Periodicity and ARIMA modeling
The periodicity in the activity and GFP intensity data is estimated by using the Discrete Fourier Transform, a process that transforms the data into the frequency domain. We used the functions spectrum and fft in the package stats in R . Looking at the frequency components gives us the period, since period is the inverse of the frequency. Once the periodicity in the data is obtained, an ARIMA (p, d, q)s process can be used to derive statistics like the mean. We chose the ARIMA model using Akaike's Information Criterion (AIC): the model with the smallest AIC was selected. Fitting was performed using the function arima in the package stats in R. The model used here included both differencing and a seasonal AR term of the form ARIMA (1, 0, 1)s where s refers to the periodicity. The fit of the model was verified via both residual analysis, the auto-correlation function of the residuals, and the portmanteau lack-of-fit test (Ljung-Box test). Results are summarized for each tracked fly in Table 1.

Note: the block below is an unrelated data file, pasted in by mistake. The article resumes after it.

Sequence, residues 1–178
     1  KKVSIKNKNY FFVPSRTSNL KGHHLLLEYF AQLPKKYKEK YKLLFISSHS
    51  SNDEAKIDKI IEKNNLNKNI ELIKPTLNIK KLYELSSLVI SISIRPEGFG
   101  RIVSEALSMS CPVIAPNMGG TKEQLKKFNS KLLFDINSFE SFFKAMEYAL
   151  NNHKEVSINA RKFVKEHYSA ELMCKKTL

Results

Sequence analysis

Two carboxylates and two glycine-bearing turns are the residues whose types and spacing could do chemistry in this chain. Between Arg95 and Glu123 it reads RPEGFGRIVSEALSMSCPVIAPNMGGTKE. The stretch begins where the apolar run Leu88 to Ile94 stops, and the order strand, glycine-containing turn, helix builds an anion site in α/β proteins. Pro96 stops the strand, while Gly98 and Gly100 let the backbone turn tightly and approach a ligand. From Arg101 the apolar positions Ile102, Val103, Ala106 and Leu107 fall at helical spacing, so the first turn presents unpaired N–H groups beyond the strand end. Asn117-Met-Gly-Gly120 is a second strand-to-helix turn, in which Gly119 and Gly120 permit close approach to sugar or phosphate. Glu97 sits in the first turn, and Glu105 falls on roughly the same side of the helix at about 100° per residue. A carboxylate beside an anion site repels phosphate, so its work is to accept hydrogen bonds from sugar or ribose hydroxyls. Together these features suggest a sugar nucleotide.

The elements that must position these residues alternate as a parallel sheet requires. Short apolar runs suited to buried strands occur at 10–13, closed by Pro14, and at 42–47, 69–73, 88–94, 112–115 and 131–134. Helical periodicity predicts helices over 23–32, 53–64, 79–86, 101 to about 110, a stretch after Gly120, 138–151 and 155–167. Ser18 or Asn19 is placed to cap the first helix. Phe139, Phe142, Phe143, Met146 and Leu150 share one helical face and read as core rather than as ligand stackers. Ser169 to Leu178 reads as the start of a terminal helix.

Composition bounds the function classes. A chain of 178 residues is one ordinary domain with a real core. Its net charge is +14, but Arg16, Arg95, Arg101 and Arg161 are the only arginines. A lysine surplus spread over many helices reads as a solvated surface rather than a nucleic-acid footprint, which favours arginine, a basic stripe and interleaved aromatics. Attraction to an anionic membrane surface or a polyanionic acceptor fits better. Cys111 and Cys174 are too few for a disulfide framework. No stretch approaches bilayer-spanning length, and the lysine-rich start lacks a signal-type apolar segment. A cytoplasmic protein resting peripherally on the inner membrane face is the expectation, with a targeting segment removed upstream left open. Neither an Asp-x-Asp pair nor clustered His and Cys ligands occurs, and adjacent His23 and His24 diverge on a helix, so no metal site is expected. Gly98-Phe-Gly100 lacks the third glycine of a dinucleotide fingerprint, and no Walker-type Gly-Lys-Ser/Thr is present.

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We thank Daniel Ford for help preparing GFP fly strains, and Michelle Arbeitman for comments on the draft. This work was supported by grants from the Department of Health and Human Services to JT (AG11833) and to ST and DG (HG02790), and by a pilot project grant to JT from the Southern California Environmental Health Sciences Center (P30ES007048). JY was supported in part by a training grant (T32GM067587). ST is a Royal Society Wolfson Research Merit Award holder.
JY generated and characterized transgenic fly strains, DG devised GFP tracking methods and algorithms and conducted all tracking experiments, DG and ST designed and conducted statistical analysis, JT designed the overall study, and DG and JT wrote the paper.
About this article
- Green Fluorescent Protein
- Green Fluorescent Protein Expression
- Green Fluorescent Protein Fluorescence
- Reporter Expression
- Visual Hull